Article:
• Domenica December 21, 2011 at 8:19 pm #

      Decadence is a good word for it, Cathy. We always had this growing up. It’s not Christmas without it. And, it actually looks just like the beautiful photo (taken by France R., not me!).

  9. nancy baggett December 21, 2011 at 8:25 pm #

    How nifty–and totally new to me. When I first saw it I thought chickpeas–which was what it was supposed to be. Thanks for posting.

    • Domenica December 21, 2011 at 9:16 pm #

      Thanks, Nancy. Coincidentally, I was just over at your site reading about peppermint bark. Your recipes sounds wonderful. Have a great holiday.

  10. Frank December 22, 2011 at 5:36 pm #

    These bring me back to my childhood! Our family was from Campania where they’re called struffoli (or, in our house, “Nana’s Honey Balls”) but whatever the name, they are the very embodiment of Christmas!

    • Domenica December 22, 2011 at 8:39 pm #

      “Nana’s Honey Balls” — love it! And yes, they are the embodiment of Christmas! Hope yours is wonderful, Frank. Thanks for your comment.

  11. Liliana December 26, 2011 at 11:05 pm #

    This is a family Christmas tradition in my husband’s family. My mother-in-law used to make it until a few years ago. Then my sister-in-law continued the tradition. I want to keep this tradition in my own family, so next year I will make the cicerchiata.

    Thanks for sharing your recipe.

    Happy New Year!

    • Domenica December 28, 2011 at 10:23 am #

      It’s definitely a tradition worth carrying on. Happy New Year to you, too, Liliana.

  12. Jamie December 30, 2011 at 3:46 am #

    Beautiful photo! And beautiful sweet treat! I can’t remember ever eating this in Italy but looking at the photo it somehow rings a bell. I love the way you describe the ritual of…not quite eating this delicacy while nibbling at it. Fabulous!

  13. Jamie December 30, 2011 at 3:47 am #

    Oh, and wishing you and your loved ones a very Happy, Healthy & Prosperous 2012, Domenica!

  14. bob del Grosso January 5, 2012 at 8:38 pm #

    Please. No disrespect intended. But it would take a god/goddess to make this fit for human consumption. I’ve had this foisted on me at Christmas (and occasionally Easter) every year of my life (which spans 5 decades) and despite my gratitude for the kind attentions and effort of the person who made it, still recoil over the memory of trying to eat it.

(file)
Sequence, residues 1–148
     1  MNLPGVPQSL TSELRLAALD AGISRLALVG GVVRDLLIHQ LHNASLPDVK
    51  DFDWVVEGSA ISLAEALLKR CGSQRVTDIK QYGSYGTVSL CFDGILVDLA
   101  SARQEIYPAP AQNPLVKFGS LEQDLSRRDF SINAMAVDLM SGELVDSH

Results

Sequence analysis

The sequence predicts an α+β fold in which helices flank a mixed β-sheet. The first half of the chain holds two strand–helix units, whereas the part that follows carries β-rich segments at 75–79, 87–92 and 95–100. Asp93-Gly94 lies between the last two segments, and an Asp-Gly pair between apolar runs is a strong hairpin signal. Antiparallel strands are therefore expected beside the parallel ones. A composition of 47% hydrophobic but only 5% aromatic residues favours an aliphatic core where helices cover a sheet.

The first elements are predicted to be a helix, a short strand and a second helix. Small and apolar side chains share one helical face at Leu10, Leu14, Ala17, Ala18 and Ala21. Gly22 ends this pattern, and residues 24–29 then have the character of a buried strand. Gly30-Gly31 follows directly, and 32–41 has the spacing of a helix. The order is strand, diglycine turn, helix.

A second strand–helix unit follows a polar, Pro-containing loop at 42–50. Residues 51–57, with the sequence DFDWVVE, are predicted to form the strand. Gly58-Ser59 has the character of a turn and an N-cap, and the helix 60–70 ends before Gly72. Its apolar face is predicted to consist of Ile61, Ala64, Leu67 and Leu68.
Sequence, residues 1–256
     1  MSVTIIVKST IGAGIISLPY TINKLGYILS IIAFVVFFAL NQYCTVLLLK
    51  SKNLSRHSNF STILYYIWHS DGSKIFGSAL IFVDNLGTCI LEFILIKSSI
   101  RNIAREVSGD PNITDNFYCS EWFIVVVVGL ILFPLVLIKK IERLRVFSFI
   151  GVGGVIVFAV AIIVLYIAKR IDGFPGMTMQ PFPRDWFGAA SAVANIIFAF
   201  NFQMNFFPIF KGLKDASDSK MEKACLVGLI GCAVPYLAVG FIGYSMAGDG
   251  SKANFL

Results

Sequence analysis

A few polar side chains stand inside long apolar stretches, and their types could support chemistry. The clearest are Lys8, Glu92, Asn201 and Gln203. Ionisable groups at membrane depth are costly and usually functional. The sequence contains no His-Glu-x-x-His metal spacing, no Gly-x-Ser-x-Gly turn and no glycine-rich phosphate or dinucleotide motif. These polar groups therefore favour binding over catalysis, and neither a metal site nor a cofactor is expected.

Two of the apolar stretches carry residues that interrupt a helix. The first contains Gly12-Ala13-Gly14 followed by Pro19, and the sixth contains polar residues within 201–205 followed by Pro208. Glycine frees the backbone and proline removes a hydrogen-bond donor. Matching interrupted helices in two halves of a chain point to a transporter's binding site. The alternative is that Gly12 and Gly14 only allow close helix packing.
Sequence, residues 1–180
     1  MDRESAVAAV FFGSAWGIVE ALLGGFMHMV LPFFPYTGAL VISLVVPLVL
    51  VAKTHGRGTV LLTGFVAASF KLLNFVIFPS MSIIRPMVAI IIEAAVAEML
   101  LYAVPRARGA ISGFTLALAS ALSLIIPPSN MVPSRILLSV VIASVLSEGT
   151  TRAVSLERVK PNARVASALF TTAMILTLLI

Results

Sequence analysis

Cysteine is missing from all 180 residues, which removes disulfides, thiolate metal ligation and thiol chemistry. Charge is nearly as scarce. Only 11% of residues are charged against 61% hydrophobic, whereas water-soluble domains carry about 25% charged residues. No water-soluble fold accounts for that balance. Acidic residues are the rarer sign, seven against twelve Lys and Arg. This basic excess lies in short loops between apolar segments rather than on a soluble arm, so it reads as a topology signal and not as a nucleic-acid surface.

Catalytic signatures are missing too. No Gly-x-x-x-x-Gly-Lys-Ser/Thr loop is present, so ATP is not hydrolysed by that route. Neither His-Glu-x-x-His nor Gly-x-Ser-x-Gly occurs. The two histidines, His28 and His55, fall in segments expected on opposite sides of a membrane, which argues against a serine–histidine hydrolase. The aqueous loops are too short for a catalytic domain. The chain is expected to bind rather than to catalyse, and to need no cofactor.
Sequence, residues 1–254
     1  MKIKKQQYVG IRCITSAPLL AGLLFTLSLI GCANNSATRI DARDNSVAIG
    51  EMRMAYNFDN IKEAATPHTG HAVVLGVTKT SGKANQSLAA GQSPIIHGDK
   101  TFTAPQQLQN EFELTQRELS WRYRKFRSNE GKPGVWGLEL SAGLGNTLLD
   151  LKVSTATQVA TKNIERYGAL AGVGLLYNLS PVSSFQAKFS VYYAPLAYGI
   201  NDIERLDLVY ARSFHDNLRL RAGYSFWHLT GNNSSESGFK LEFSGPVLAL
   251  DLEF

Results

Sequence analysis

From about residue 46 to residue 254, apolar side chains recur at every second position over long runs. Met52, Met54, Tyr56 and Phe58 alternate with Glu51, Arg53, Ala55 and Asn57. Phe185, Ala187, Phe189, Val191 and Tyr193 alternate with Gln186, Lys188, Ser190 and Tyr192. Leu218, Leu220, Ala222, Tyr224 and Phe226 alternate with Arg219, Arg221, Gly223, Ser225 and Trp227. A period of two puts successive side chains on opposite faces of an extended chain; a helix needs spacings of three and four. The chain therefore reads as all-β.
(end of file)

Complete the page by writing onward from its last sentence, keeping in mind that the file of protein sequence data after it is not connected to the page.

It looks and sounds good, but that is where the attraction ends.

    • Domenica January 5, 2012 at 9:11 pm #

      Bob, I sooooooo disagree with you. Well, not exactly. I have had some horrid struffoli (as opposed to cicerchiata) over the years–stale, saturated with grease, etc. Mostly from the so-called “Italian” bakeries in New Jersey. So I know what you’re talking about. But I love this cicerchiata. And so do my kids. Really. Thanks for your comment. I love dissenting opinions. Cheers, D

      • bob del Grosso January 5, 2012 at 10:30 pm #

        Okay. I’ll wait to try cicerchiata before I pass judgement on the genre of fried dough drizzled with honey or caramel or drizzled in simple syrup or rum and syrup. But the clock is ticking. That said, if you love the stuff and your kids love it too, what’s the value of my protest? (Not much, I aver.)

  15. Janis February 13, 2013 at 1:15 pm #

    I only just now found this page, and I wanted to thank you. My mom used to have this for Christmas as a little girl when her mom made it for her, but she couldn’t quite recall the name. Now I know the name, and what’s more how to make it! I sense some honey dough balls in my future this weekend!

    • Domenica February 14, 2013 at 7:12 am #

      Janis, I’m so glad you found the recipe. I hope you’ll give it a try. It takes a little time but it’s totally worth it. Don’t worry if you don’t have the liqueur ~ that’s an optional ingredient that my mom added to her dough recipe many years ago. It adds a nice twist but it tastes just as good without. Thanks for stopping by.

  16. Pat @ Mille Fiori Favoriti December 3, 2014 at 12:05 am #

    I my husband’s Calabrese dialect this is called pignolata! We always have this at Christmas, but I never saw it presented as a wreath before, and I like this shape for serving better than the usual triangular pile. Thanks for your recipe, Domenica!

    • Domenica Marchetti December 5, 2014 at 11:49 am #

      Hi Pat, and thank you for your comment. Yes, it has different names in different regions. Around Naples it’s called strufoli, I think. The biggest difference I’ve been able to note is that the dough balls for cicerchiata are a little smaller (it’s named after ‘cicerchie’ ~ a chickpea-like legume). Buon natale!

  17. Michael January 3, 2016 at 4:13 pm #

    My grandfather came here from Cugnoli, and I was looking for an Abruzzese tradition to pass down to my children. Thanks to you, my now 11-year-old son and I have been making this together every Christmas season to serve as dessert after the Christmas Eve dinner. Grazie assaie!

    • Domenica Marchetti January 3, 2016 at 7:05 pm #

      Hi Michael, it makes my day to know that you and your son have turned making cicerchiata into a family tradition. I love it! I’ll be posting more recipes from Abruzzo this year so stay tuned. Thank you and Buon Anno!